Is Circuit City’s Bankruptcy the Beginning of the End?

By  |  Monday, November 10, 2008 at 9:27 am

circuitcitylogoA week ago, the bad news about Circuit City was that it was closing 115 of its locations. New week, new bad news: The company has filed for Chapter 11 voluntary bankruptcy, a move that will will let it continue business without having to pay all its creditors all the money it owes them.

Bankruptcies aren’t always signs of impending corporate death. But they sure aren’t signs of robust health, either. Companies that file for bankruptices generally then segue towards one of two fates: hobbling along in a bumpy fashion thereafter, or folding.

In the short term, Circuit City’s bankruptcy will help keep it going. As the company noted in its press release today:

Despite aggressive efforts to secure vendor support, vendor concerns about the company’s liquidity and ability to pay for its purchases in this difficult economic climate have escalated considerably since the company provided a liquidity update on November 3, 2008, further impairing the company’s ability to conduct business and provide service to its customers.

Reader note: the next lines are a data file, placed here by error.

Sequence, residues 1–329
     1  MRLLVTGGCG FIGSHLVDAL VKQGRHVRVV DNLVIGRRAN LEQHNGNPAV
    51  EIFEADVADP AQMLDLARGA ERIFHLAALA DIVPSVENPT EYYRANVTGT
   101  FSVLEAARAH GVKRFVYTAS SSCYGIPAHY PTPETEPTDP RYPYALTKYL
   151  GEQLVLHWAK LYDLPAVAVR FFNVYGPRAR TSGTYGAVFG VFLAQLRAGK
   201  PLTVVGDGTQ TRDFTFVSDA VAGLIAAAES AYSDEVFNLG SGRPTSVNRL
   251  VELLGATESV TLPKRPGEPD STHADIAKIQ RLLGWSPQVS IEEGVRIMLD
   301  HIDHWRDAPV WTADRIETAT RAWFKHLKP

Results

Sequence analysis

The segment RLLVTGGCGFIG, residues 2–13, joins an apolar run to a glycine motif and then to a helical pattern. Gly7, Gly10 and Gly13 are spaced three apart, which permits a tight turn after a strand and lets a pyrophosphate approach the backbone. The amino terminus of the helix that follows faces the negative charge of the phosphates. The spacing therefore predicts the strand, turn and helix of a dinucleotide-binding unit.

That’s press release-ese for the fact that the City was having trouble stalking stocking its shelves with new products. It also says that manufacturers weren’t placated by its announcement of store closures and other cutbacks just a week ago.

The release continues:

Operating under the protection of Chapter 11 will provide the company’s vendors with assurances that they will be paid for merchandise the company receives post-filing so the company can be sufficiently stocked for the holiday selling season.

Or in other words, it’s hoping that manufacturers will think the bankruptcy will help Circuit City lope along and pay its bills, and that those companies will therefore ship it the products it needs in its stores in order to avoid having a disastrous holiday season.

If manufacturers continue to feel anty about providing the City with product on credit, it’ll be a crippling problem that could speed the company’s demise. A crummy Christmas could seal its fate; getting through the holiday season in one piece is, therefore, essential.